48 (143) 2021

Green Transformation

Role of courts in addressing the climate crisis

By Maja Frontczak, attorney, and Łukasz Ostas, trainee attorney, Gessel Attorneys at Law
Header gessel foto

COP26, the 2021 UN Climate Change Conference in Glasgow will be held for the 26th time. This, in itself, indicates that climate change is perceived among the international community as a threat to be treated seriously and monitored every year. Although the Paris Agreement (2015) is often regarded as a breakthrough in the fight for climate preservation, many take the view that enactment of the document has not been followed by sufficient action by the signatory states to limit global temperature increase to not more than 2ºC (or, optimally, 1.5 ºC).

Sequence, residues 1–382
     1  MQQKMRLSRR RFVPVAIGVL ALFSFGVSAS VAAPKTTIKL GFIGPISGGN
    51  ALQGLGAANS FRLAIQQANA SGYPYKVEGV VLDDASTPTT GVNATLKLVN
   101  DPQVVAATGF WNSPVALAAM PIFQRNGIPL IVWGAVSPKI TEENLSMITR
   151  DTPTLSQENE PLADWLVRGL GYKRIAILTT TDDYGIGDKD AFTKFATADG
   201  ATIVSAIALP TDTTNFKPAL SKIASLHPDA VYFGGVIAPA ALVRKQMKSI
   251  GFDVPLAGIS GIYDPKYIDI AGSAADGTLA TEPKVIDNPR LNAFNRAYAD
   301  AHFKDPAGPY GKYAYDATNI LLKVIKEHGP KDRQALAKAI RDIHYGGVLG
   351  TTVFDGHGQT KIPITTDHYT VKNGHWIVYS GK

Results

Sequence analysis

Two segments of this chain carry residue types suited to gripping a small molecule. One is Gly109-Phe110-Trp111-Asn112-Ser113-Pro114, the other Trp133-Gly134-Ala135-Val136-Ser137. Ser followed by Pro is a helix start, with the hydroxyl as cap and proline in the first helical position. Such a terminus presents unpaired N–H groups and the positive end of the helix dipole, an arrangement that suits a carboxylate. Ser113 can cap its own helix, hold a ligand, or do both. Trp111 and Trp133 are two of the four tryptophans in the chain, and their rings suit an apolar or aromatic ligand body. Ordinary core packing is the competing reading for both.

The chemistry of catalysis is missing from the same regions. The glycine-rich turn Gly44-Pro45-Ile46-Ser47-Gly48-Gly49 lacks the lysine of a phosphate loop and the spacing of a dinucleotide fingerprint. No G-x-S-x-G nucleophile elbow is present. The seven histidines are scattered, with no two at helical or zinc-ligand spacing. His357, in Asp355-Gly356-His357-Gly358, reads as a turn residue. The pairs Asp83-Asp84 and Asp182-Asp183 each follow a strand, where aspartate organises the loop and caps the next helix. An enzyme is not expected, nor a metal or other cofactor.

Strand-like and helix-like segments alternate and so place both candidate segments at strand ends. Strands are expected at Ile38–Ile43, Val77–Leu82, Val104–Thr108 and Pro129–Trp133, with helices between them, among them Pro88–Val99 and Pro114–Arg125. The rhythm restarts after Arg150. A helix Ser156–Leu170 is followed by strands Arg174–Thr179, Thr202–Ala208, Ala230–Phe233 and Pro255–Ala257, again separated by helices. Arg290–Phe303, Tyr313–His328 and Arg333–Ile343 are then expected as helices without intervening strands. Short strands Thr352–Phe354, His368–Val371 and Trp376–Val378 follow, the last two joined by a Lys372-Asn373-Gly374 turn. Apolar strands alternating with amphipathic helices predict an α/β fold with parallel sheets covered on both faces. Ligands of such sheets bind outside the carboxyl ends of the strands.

Climate change litigation around the world

Considering governments’ efforts to be insufficient, individuals and communities have turned to the courts as an alternative means of achieving change in climate policy. The total number of climate change actions issued globally by November 2020 is estimated at over 1,650, with cases filed in 36 countries worldwide, including the UK and Poland (where, respectively, 59 and four climate-related proceedings are currently pending).

Starting with European cases, it is worth mentioning the very recent French case called “case of the century” (l’affaire du siècle). In 2021, a Paris court recognised the legal responsibility of the French state for its contribution to the climate crisis. The court found that France’s failure to reduce its greenhouse gas (GHG) emissions in the short term, in line with its own targets, contributes to climate change, causing environmental harm in France, and therefore is unlawful. The lawsuit was filed by four French environmental organisations, with the support of 2.3 million people who signed a petition expressing their disappointment of the current government’s climate policy.